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Drought has revealed ancient faces carved into rocks along the Amazon River

Drought has revealed ancient faces carved into rocks along the Amazon River

Due to the unprecedented drought in Brazil, river water levels have dropped dramatically, making visible rock carvings depicting human faces, which were made thousands of years ago.

The rocky area has ancient faces DiscoverIt is called Punto das Lajes, meaning the place of the boards. It is located on the northern coast of the Amazon, at the confluence of the Rio Negro and Solimo rivers, near the city of Manaus. Some carvings, also depicting animals, had already been discovered in 2010, but the drought this year was more severe than then, so additional carved figures became visible. The water level in the Rio Negro has dropped by 15 meters since July, exposing large areas of rock and sand that were previously covered by water. The drought is severe, the lowest water level since official records began 121 years ago.

According to experts, the combined effect of climate change and El Niño has caused water levels in the Amazon River in northern Brazil to drop to a record low, isolating some communities from each other and devastating the fauna there. The authorities are striving to deliver food and water to thousands of isolated communities in the vast region where there are no roads, and where shipping is the only means of transportation.

Due to the drought, several types of stone carvings are now visible, and this can help researchers determine the origin of the shapes. At one site, for example, smooth grooves can be seen in the rock, which archaeologists believe is where indigenous people sharpened their arrows and spears, long before Europeans arrived. Jaime de Santana Oliveira, an archaeologist at the National Institute of Historical and Artistic Heritage, which oversees the preservation of historical sites, says: TellThe inscriptions date back to prehistoric or pre-colonial times. Although the exact date of their origin cannot be determined, based on evidence of human settlement in the area, researchers believe that they are approximately 1000-2000 years old.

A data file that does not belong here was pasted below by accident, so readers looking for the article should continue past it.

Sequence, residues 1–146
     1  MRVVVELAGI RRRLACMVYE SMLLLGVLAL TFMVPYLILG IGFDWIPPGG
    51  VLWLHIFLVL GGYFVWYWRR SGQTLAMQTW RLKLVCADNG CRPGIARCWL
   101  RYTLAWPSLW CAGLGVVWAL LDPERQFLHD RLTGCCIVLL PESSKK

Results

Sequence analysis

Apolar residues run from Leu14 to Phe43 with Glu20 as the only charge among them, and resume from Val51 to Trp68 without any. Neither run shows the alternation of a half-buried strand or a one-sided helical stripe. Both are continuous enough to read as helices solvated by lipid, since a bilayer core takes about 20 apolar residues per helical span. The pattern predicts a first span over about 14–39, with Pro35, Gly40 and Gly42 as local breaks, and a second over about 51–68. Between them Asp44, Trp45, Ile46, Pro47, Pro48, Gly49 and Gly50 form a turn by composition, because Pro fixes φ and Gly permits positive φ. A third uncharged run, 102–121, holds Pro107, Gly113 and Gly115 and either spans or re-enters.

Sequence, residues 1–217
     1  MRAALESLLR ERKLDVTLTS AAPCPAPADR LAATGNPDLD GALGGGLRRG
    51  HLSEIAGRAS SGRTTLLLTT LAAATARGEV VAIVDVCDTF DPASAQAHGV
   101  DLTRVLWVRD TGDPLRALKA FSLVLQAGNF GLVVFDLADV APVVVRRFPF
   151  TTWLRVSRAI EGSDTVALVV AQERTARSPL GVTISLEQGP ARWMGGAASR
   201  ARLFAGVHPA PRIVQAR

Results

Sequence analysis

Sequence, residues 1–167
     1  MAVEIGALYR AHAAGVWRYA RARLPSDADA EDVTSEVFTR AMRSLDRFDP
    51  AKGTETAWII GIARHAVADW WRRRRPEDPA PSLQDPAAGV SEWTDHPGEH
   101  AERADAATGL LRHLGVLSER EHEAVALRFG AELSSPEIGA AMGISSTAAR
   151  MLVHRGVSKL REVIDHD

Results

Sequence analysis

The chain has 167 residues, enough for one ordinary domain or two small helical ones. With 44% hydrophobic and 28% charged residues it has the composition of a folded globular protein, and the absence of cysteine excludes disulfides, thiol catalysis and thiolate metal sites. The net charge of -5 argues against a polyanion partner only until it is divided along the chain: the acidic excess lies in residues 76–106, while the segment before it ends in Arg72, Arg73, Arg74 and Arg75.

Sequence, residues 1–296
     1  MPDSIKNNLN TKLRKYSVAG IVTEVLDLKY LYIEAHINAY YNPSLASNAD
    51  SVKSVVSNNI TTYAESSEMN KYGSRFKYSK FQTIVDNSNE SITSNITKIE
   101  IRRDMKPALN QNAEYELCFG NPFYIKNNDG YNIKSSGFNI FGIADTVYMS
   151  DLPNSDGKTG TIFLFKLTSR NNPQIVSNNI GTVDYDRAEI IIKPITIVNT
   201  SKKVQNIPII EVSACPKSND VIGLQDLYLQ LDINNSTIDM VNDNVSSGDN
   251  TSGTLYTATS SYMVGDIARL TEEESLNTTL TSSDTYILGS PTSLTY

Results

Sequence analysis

Photography: Swami Baydoun/Reuters

Brazilian Government Disaster Warning Center, Simaden according to Some parts of the Amazon have not seen this little rain between July and September since 1980. Brazil’s Science Ministry blames the drought on the onset of the El Niño weather phenomenon this year, which is causing extreme weather events around the world. The ministry said in a statement earlier this month that the drought is expected to continue until at least December, when the effects of the El Niño phenomenon are expected to reach their peak. The drought has affected 481,000 people since Monday, according to the Civil Protection Agency in Amazonas state, where the city of Manaus, the site of the ancient sculptures, is located.

(Cover photo: Umi Baydoun/Reuters)

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